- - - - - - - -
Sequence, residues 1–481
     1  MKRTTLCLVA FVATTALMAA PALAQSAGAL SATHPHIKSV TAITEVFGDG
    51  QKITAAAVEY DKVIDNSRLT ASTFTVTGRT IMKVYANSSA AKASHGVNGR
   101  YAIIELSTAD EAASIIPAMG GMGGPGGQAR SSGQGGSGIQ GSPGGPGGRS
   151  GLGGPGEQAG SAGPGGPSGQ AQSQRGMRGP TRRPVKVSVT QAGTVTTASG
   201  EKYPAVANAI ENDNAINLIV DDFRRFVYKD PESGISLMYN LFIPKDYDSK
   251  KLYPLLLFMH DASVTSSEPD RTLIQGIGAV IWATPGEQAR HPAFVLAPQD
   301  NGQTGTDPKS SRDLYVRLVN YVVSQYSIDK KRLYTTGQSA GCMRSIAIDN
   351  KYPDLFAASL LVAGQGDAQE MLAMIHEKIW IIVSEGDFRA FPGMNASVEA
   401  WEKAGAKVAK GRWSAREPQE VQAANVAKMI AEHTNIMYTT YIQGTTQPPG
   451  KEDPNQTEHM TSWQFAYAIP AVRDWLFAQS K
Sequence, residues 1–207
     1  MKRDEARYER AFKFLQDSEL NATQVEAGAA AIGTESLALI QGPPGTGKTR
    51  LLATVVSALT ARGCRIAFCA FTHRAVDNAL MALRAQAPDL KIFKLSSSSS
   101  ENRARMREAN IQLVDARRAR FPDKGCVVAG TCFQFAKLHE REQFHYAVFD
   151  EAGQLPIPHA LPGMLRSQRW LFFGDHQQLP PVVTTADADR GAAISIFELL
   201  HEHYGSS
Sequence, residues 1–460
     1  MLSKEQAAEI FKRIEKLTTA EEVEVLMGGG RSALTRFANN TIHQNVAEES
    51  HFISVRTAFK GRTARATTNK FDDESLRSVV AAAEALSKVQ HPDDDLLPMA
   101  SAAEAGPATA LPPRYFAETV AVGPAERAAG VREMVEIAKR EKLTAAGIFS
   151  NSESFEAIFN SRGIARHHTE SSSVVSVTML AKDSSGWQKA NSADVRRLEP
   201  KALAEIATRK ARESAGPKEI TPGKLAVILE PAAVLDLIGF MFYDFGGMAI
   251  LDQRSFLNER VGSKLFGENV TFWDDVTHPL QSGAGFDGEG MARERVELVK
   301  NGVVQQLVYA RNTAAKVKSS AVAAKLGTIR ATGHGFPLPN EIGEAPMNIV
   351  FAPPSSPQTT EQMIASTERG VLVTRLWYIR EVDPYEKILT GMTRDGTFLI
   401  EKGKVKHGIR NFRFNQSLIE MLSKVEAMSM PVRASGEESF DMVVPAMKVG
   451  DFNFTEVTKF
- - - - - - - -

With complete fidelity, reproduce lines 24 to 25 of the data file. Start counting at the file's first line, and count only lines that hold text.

   251  LDQRSFLNER VGSKLFGENV TFWDDVTHPL QSGAGFDGEG MARERVELVK
   301  NGVVQQLVYA RNTAAKVKSS AVAAKLGTIR ATGHGFPLPN EIGEAPMNIV